For its subject of mountain literature, the festival’s organizers had tied up with the Himalayan Club. The overseas speakers included well known field biologist and author Dr George Schaller; climber, writer, filmmaker and painter Jim Curran, the versatile Bernadette McDonald (climber, musician and writer, she was for many years Director of the Banf Mountain Film Festival and founding Director, Banf Mountain Book Festival. Among her books was an unforgettable biography of the late Slovenian alpinist, Tomaz Humar), Garry Weare, best known as the author of all five editions of Lonely Planet’s `Trekking in the Indian Himalaya,’ Andre’ Bernard, Vice President & Secretary of the John Simon Guggenheim Memorial Foundation, Vince G Martin, President, The WILD Foundation, David Wagner, botanist and artist and Kate Harris, adventurer, writer and photographer. Participants from India included veteran mountaineer and author of many books Harish Kapadia; traveller and writer Bill Aitken, filmmaker Toby Sinclair, actor Victor Banerjee, poet Arvind Mehrotra, novelists Anuradha Roy, Sudhir Thapliyal and Paro Anand, environmentalist Bittu Sehgal and journalists Prerna Bindra and Shailaja Bajpai. There was a small book stall, featuring works by the participating authors and other books.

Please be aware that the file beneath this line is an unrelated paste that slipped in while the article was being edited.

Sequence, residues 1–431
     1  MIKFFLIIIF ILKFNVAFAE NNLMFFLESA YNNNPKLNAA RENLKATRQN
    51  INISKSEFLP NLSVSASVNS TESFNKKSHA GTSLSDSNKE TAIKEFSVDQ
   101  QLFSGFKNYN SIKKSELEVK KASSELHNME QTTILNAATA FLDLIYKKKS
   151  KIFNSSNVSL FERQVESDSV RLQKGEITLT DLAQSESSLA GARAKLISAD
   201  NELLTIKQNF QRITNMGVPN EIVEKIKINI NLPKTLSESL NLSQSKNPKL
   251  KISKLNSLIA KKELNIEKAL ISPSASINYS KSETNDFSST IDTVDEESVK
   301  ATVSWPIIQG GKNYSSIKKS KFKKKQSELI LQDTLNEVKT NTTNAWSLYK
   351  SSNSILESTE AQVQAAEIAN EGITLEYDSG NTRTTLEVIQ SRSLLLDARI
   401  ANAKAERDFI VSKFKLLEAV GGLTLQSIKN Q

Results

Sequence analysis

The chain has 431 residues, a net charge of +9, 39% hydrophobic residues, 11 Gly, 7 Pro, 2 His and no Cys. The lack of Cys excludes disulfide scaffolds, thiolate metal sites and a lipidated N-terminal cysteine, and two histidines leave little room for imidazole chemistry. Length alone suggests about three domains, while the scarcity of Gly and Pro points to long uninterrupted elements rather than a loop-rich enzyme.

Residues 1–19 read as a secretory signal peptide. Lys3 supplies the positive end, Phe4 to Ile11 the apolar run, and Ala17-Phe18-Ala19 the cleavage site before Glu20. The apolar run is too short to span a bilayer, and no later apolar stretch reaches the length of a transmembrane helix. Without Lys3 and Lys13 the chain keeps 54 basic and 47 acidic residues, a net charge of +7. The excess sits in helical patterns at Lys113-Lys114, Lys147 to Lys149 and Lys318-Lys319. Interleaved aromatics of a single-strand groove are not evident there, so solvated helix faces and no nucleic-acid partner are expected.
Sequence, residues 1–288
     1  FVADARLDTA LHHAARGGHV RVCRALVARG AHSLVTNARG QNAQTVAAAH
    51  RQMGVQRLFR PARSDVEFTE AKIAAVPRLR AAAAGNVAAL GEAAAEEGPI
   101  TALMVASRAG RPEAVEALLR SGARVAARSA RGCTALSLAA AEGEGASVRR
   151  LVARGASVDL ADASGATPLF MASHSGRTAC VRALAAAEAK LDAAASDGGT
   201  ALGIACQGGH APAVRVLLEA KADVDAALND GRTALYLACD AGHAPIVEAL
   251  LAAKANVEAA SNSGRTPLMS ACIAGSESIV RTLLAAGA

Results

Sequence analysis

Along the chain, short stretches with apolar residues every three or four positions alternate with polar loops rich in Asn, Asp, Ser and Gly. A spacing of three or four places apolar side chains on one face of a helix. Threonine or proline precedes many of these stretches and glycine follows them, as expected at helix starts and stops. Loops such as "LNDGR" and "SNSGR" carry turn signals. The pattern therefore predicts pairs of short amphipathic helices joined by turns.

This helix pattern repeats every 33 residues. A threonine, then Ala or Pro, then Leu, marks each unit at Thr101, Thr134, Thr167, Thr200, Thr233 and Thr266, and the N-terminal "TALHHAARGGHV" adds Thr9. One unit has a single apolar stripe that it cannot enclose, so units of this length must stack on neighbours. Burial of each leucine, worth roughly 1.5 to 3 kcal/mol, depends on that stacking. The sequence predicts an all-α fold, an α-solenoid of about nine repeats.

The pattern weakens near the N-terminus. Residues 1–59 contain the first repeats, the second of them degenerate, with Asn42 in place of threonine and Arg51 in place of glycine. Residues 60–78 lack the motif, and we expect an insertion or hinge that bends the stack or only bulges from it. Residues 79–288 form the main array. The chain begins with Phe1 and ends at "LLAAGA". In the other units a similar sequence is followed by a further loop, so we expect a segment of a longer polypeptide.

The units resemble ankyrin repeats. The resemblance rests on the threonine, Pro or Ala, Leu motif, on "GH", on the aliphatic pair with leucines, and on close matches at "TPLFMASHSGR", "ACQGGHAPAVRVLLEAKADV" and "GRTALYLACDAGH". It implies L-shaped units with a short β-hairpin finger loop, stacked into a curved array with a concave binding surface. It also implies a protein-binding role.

According to Alter, one aspiration of the festival was to draw an audience of teachers and students from both Woodstock and other schools in the region. Dr Schaller’s address for instance was attended by students of the Doon School as well. That aside, what captivated was Mussoorie as location for discussing mountain literature. The organizers, enjoying access to an entire mountainside thanks to Woodstock, had the option of locating evening get-togethers at picturesque outdoor spots. Movement between venues required a small walk.
Festival over, I went to Bond’s house to get a quote from him for this article. It was the blessed hour of afternoon nap, 2PM. I wondered whether I should intrude or not. If I didn’t it would be months before I came back to Mussoorie for another attempt at saying hello to him. If I did, I probably risked triggering annoyance. I realised I had to take my chance. A slightly agitated Bond opened the door. I explained that I was a freelance journalist from Mumbai seeking a quote from him for an article on the Mussoorie writers’ festival. He smiled. I couldn’t help feeling that he may have seen through me and realized that all I wished to do was say hello to him. Coming to think of it that was correct. Had I left Mussoorie without meeting him, Mussoorie wouldn’t have felt a complete experience. “ Well the festival gives writers a chance to meet, you know,’’ he said. Having read about mountains and liked Bond’s own work, I just had to hear it from him.
I thanked him and took my leave.
(The author, Shyam G Menon, is a freelance journalist based in Mumbai. An edited version of this article was published in The Hindu Business Line newspaper.)